Phil CK

Bench Timers

Last updated on

I had to need to record a whole bunch of timestamps, and I was curious on the overhead that each timer had. So this is alittle microbenchmark.


#include <stdint.h>
#include <x86intrin.h>
#include <chrono>
#include <stdio.h>
#include <unistd.h>
#include <sys/time.h>

main() {
        uint64_t start, end;

        /* rdtsc */
        __builtin_ia32_rdtsc(); /* warm up the path */
        start = __builtin_ia32_rdtsc();
        uint64_t call = __builtin_ia32_rdtsc();
        end = __builtin_ia32_rdtsc();

        printf("RDTSC: %d\n",(int)(end - start));

        /* std::chrono */
        std::chrono::high_resolution_clock::now(); /* warm up the path */
        start = __builtin_ia32_rdtsc();
        auto chrono = std::chrono::high_resolution_clock::now();
        end = __builtin_ia32_rdtsc();

        printf("std::chrono: %d\n",(int)(end - start));

        /* clock_gettime */
        struct timespec ts;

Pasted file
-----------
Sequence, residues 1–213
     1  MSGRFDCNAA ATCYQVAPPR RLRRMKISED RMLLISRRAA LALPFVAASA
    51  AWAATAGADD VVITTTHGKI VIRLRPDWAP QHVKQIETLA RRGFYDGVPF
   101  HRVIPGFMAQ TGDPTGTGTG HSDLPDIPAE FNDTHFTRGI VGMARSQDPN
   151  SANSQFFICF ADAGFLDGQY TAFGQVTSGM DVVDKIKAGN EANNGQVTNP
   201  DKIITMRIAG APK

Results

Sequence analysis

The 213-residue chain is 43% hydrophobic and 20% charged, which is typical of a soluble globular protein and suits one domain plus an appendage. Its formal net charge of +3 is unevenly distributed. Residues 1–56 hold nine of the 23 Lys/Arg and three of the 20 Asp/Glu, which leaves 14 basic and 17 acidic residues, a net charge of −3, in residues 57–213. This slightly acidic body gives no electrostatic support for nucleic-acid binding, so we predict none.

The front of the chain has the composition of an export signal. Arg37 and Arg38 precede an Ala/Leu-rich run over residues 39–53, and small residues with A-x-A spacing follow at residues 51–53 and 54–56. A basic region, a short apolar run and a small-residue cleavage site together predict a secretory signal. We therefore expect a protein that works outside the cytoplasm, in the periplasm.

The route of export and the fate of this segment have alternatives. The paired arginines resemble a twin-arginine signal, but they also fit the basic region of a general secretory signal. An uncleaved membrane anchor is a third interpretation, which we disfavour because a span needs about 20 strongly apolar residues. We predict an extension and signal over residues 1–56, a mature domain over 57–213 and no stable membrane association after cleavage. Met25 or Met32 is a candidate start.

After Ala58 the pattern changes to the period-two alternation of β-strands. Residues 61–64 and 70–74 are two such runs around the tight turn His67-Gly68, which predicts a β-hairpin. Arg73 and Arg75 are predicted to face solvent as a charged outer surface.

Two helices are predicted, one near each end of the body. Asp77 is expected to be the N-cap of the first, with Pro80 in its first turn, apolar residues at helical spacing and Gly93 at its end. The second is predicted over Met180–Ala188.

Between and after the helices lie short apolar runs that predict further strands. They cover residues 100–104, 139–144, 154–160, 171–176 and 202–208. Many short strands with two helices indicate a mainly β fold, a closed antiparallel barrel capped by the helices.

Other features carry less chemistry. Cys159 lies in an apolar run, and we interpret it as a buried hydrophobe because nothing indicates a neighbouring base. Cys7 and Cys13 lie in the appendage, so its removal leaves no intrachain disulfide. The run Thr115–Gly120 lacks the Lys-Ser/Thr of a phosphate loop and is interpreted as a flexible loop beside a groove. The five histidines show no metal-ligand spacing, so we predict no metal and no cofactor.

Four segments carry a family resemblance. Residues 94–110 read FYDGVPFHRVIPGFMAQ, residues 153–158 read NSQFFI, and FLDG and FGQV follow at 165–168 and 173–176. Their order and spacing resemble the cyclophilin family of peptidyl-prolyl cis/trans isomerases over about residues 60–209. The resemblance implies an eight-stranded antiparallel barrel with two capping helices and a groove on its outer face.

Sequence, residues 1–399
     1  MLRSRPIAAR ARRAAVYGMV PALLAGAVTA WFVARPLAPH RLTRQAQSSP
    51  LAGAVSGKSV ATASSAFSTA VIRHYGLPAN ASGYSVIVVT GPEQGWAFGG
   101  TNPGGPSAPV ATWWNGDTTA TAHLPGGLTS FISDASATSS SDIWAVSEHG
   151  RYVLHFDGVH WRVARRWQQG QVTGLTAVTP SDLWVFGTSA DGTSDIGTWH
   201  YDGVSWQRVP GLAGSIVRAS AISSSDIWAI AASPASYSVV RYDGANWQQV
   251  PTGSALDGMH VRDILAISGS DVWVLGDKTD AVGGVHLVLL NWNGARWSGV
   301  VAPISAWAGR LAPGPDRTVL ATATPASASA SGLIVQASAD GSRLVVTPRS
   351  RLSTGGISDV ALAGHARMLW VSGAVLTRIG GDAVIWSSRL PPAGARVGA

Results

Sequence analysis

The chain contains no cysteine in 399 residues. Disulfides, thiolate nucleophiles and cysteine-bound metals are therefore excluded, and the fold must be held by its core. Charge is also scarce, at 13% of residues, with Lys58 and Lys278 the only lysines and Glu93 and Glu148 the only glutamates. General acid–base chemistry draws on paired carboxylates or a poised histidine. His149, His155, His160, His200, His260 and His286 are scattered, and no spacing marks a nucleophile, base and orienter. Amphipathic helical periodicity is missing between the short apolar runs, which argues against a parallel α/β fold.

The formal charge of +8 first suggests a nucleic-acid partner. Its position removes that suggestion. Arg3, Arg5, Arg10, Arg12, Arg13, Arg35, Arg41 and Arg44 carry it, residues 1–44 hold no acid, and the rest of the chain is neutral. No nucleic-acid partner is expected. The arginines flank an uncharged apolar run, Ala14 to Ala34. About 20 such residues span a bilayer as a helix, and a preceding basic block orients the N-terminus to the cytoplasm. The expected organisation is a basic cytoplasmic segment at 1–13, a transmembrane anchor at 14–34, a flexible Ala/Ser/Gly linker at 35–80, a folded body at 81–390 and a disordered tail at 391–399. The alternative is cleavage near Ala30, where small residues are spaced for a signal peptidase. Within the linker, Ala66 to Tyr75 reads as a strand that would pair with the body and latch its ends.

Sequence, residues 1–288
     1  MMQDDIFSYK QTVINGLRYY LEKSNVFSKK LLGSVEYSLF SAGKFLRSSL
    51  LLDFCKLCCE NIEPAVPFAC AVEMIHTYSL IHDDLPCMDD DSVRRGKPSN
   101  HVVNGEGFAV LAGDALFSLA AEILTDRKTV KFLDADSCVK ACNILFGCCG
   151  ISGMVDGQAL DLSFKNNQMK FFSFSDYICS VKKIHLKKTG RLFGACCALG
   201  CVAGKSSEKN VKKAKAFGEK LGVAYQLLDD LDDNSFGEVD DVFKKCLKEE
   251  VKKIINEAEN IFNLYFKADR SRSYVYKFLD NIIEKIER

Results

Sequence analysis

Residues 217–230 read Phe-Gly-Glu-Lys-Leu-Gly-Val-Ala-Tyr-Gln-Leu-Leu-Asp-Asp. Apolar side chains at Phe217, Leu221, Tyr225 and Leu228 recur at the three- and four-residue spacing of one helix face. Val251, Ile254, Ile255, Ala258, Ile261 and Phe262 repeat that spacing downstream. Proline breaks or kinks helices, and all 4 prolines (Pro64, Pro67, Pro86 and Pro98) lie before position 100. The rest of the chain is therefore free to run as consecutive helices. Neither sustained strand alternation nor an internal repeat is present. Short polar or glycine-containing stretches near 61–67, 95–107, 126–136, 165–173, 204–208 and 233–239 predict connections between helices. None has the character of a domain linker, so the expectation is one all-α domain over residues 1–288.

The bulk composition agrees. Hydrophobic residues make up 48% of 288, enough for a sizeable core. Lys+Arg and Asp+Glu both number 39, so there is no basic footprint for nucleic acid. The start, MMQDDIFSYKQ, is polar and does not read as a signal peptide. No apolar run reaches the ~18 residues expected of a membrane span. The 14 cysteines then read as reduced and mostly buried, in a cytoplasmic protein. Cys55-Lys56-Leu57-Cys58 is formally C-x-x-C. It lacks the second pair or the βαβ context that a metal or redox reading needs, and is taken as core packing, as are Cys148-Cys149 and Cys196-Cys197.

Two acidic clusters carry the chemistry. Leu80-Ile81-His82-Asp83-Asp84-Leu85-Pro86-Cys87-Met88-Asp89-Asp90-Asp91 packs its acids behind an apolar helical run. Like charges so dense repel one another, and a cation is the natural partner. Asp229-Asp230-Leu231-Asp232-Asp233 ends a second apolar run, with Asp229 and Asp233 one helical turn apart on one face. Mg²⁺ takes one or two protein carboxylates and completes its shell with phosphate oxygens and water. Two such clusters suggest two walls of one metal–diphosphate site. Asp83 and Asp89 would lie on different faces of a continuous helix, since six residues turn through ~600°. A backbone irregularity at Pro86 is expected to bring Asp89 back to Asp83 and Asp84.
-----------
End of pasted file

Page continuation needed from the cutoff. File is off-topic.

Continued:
clock_gettime(CLOCK_MONOTONIC, &ts); /* warm up the path */
        start = __builtin_ia32_rdtsc();
        clock_gettime(CLOCK_MONOTONIC, &ts);
        end = __builtin_ia32_rdtsc();

        printf("clock_gettime: %d\n",(int)(end - start));

        /* gettimeofday; */
        struct timeval tv;
        gettimeofday(&tv, nullptr); /* warm up the path */
        start = __builtin_ia32_rdtsc();
        gettimeofday(&tv, nullptr);
        end = __builtin_ia32_rdtsc();

        printf("gettimeofday: %d\n",(int)(end - start));

        return 0;

Compile and Run

clang++ timer_test.cpp -std=c++11 -O2 && ./a.out



Times are in cycles using rdtsc counter

I got similar results on different machines. How important this is to you will be application specific. For I only needed to know so I could understand the overhead in the results. RDTSC while tempting may have issues for your needs.